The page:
Bug 31075 - fnmatch("??") matches on one two byte valid character (as well as two any-length characters)
Summary: fnmatch("??") matches on one two byte valid character (as well as two any-len...
Status: UNCONFIRMED
Alias: None
Product: glibc
Classification: Unclassified
Component: glob (show other bugs)
Version: 2.34
: P2 normal
Target Milestone: ---
Assignee: Not yet assigned to anyone
URL:
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Depends on:
Blocks:
 
Reported: 2023-11-18 10:03 UTC by Stephane Chazelas
Modified: 2023-11-24 19:56 UTC (History)
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Last reconfirmed:
stephane+sourceware: security?


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Description Stephane Chazelas 2023-11-18 10:03:11 UTC
Regression introduced in 2.34 by commit a79328c745219dcb395070cdcd3be065a8347f24  reproduced on Ubuntu 22.04, Debian sid libc6:amd64 2.37-12, and current git HEAD (dae3cf4134d476a4b4ef86fd7012231d6436c15e) built on that sid system.

find . -name '??'

In a UTF-8 locale matches on a UTF-8 encoded éé (0xc3 0xa9 0xc3 0xa9) but also on a UTF-8 encoded é (0xc3 0xa9):

To reproduce, from a shell with support for ksh93-style $'...' quotes (ksh93, zsh, bash...) and on a system where the C.UTF-8 locale has been enabled (change to any other UTF-8 locale if not):

(
  mkdir new-dir && cd new-dir || exit
  touch $'\xc3\xa9' $'\xc3\xa9\xc3\xa9'
  export LC_ALL=C.UTF-8
  locale charmap
  find . -name '??'
)

UTF-8
./é
./éé

It seems when fnmatch() fails to match in wchar_t mode, it tries again in char mode. The pattern is also treated as a char[] array then which makes it even worth than the (already quite buggy) behaviour of bash pattern matching (https://lists.gnu.org/archive/html/bug-bash/2021-02/msg00054.html), as that's done even when both the subject and pattern are properly encoded in the user's locale charmap.

$ find . '*[á-ä]*'
./é
./éé

Those didn't match in wchar_t mode but matched in char mode as that became a *[\303\241-\303\244]* match so matches on anything containing byte 0241 to 0303.

Like for bash, it becomes worse in locales that have characters whose encoding contains the encoding of [, ] or \ as it can end up matching on a pattern completely different from the one intended by the user.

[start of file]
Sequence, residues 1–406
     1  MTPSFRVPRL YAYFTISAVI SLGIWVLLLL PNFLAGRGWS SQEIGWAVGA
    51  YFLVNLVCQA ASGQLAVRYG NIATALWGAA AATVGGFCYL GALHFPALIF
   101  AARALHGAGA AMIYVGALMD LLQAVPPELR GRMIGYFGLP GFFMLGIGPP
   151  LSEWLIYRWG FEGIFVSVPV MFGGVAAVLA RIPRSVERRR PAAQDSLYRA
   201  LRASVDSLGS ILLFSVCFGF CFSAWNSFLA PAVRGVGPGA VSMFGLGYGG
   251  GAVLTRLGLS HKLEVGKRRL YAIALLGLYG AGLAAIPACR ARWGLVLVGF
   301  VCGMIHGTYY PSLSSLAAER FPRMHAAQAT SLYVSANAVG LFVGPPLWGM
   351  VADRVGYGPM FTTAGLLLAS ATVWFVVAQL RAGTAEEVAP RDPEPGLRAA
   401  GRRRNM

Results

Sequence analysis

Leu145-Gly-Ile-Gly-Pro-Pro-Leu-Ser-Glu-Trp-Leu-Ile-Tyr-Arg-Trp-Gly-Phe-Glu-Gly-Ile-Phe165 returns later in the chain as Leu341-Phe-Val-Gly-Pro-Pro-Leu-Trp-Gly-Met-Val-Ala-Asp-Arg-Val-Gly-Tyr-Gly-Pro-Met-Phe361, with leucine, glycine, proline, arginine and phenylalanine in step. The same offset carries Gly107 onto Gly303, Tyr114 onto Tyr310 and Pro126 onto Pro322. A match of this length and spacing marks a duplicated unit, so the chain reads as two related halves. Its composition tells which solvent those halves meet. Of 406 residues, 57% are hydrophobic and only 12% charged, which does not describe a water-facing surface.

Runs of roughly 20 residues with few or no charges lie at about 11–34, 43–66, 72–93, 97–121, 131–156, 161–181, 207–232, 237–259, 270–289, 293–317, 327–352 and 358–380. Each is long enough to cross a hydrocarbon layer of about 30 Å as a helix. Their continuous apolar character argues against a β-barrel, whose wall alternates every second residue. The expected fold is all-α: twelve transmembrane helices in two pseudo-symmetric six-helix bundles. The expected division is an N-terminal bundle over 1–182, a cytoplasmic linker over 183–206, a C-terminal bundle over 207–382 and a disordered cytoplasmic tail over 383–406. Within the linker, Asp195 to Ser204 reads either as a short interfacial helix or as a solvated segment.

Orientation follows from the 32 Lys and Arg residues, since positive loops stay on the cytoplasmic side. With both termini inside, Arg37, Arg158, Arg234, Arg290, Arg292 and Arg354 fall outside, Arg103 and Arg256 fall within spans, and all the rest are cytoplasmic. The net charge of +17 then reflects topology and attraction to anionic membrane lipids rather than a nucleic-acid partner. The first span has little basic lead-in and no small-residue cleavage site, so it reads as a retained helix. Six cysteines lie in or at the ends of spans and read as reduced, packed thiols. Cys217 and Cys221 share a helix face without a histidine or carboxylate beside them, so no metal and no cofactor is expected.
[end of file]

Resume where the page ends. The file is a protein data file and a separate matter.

Comment 1 Stephane Chazelas 2023-11-18 11:53:33 UTC
(In reply to Stephane Chazelas from comment #0)
> Regression introduced in 2.34 by commit
> a79328c745219dcb395070cdcd3be065a8347f24  reproduced on Ubuntu 22.04, Debian
> sid libc6:amd64 2.37-12, and current git HEAD
> (dae3cf4134d476a4b4ef86fd7012231d6436c15e) built on that sid system.
> 
> find . -name '??'
[...]

To clarify, "find" is used here to demonstrate the behaviour of the libc's fnmatch(). Here with GNU find.

$ LD_DEBUG=bindings find é -name '??' |& grep fnmatch
    323895:     binding file /lib/x86_64-linux-gnu/libselinux.so.1 [0] to /lib/x86_64-linux-gnu/libc.so.6 [0]: normal symbol `fnmatch' [GLIBC_2.2.5]
    323895:     binding file find [0] to /lib/x86_64-linux-gnu/libc.so.6 [0]: normal symbol `fnmatch' [GLIBC_2.2.5]

$ ltrace -e 'fnmatch' find é éé $'\U10FFFF\U10FFFF' -name '??'
find->fnmatch("foo", "foo", 0)                                                                                        = 0
find->fnmatch("Foo", "foo", 0)                                                                                        = 1
find->fnmatch("Foo", "foo", 16)                                                                                       = 0
find->fnmatch("??", "\303\251", 0)                                                                                    = 0
é
find->fnmatch("??", "\303\251\303\251", 0)                                                                            = 0
éé
find->fnmatch("??", "\364\217\277\277\364\217\277\277", 0)                                                            = 0
??
+++ exited (status 0) +++

(here showing ?? matching one 2-byte character, two 2-byte characters and two 4-byte characters).
Comment 2 Stephane Chazelas 2023-11-24 19:56:04 UTC
Can likely be considered a security issue as that means patterns match things that where not intended be matched (I'll let you guys decide on that), but on the other hand that bug works around long-standing issues whereby for instance

find . ! -name '*evil*' -exec ... {} +

was failing to exclude file names containing "evil" when what's on either side is not valid text in the users locale (a common issue these days where UTF-8 is the norm).

Though of course falling back to treating both pattern and subject as char[] arrays when the subject cannot be decoded as text like bash does (and what might have been the intent of a79328c745219dcb395070cdcd3be065a8347f24) is incorrect (see https://lists.gnu.org/archive/html/bug-bash/2021-02/msg00054.html for more details).